Rivalry is the stuff of sport, certainly in the newspapers where slanging matches, particularly in the football world, fill many a column inch.
Neil Robertson commented last year that he thought snooker players were too friendly with each other. Of course, some are more friendly than others.
It’s 20 years now since Alex Higgins threatened – within earshot of the then WPBSA chairman John Spencer – to have Dennis Taylor shot if he ever went back to Northern Ireland.
They were team mates in the World Cup at the time.
More recently, we’ve had Stephen Maguire and Shaun Murphy opting not to become Facebook friends and Graeme Dott and Ian McCulloch not exactly planning to team up for the World Doubles.
Much has been made this week of the rivalry between Ronnie O’Sullivan and Mark Selby in the wake of their Pokerstars.com Masters final.
I think O’Sullivan was mainly down on himself, not Selby, but he did appear to get wound up towards the end.
In the penultimate frame, O’Sullivan fluked a snooker. The camera did not pan to Selby but he presumably smiled, as if to say, ‘that was lucky.’ O’Sullivan’s response was, ‘How can you moan?’ as if Selby was the luckiest player who ever lived.
In the heat of battle – and it was some battle – such things do, from time to time, get said, although Selby wasn’t overly impressed.
Answering questions on the Eurosport website today, he said: “I suppose it is true that there were times in the match when we both had the run of the balls, but I didn’t think it was the right time for him to be making such a statement.”
However, Selby isn’t the sort to lose his rag and seeing O’Sullivan begin to crack probably gave him confidence rather than put him under pressure.
Not everyone thought O’Sullivan conducted himself well at the post match interview but this was mere seconds after a very disappointing defeat and I believe he should be cut some slack.
It wasn’t a bit of fun, it was a major final. Steve Davis could memorably barely utter a word after losing to Dennis Taylor in the 1985 world final. It’s hard to say the right things when you are completely devastated.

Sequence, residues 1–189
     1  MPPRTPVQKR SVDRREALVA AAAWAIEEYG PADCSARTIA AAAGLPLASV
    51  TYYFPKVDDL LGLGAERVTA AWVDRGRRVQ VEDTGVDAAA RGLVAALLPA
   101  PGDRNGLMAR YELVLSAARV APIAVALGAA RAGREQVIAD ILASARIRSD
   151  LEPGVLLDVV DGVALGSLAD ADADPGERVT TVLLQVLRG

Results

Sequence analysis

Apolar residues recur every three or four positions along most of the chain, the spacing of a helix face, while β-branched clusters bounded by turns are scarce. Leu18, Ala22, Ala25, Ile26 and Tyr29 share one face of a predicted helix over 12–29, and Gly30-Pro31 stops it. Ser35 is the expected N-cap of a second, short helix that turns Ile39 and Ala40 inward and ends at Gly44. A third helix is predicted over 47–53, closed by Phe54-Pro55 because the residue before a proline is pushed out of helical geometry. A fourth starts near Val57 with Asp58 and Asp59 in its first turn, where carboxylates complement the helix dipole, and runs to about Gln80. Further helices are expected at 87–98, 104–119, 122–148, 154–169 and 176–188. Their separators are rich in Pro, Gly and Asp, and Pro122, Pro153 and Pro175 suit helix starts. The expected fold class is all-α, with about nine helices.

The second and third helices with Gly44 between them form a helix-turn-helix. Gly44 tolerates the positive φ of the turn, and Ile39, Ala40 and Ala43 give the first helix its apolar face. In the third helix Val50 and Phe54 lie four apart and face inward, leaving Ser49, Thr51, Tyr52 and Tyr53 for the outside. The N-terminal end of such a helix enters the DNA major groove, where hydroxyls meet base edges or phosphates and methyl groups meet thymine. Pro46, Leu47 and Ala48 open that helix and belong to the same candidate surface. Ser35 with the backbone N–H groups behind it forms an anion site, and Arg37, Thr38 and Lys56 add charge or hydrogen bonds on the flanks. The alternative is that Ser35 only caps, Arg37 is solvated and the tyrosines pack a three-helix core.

O’Sullivan left the arena before Selby received his trophy. This was wrong. He should have stayed for a few more minutes.
“I’d like to think I would have shown a little bit more respect at the end. We are paid to play in these events, that's our job, and if Ronnie had won I would have stayed to applaud him,” Selby told Eurosport.
In the press conference that followed O’Sullivan suggested Selby would struggle to win the world title because of his inconsistency, which he compared to his own game.
“I think I'll take what he said as compliment,” was Selby’s verdict on this.
“For me Ronnie is among the top two or three greatest players to have played the game, I have massive respect for him as a player, and if he is putting me in a similar position to him, then, as I said, I'll take it as a big compliment. When it comes to my game, I don't mind having the same problems as him.”
I’m not sure it was meant as a compliment but Selby is right not to dwell on it.
Such is the stuff of sport. I remember Stephen Hendry losing to Mark Johnston-Allen (who beat him three times out of three) and then saying he shouldn’t even have been in the same room as him.
He later apologised to Mark, who found the whole thing hilarious.
The fact is, things get said in the heat of the moment, usually after a disappointing defeat.
If we want our sportsmen and women to be human, we should accept that they will, at times, be brutally honest and just say what is on their mind.
Surely this is better than bland PR epithets, even if their comments do sometimes leave a sour taste in the mouth.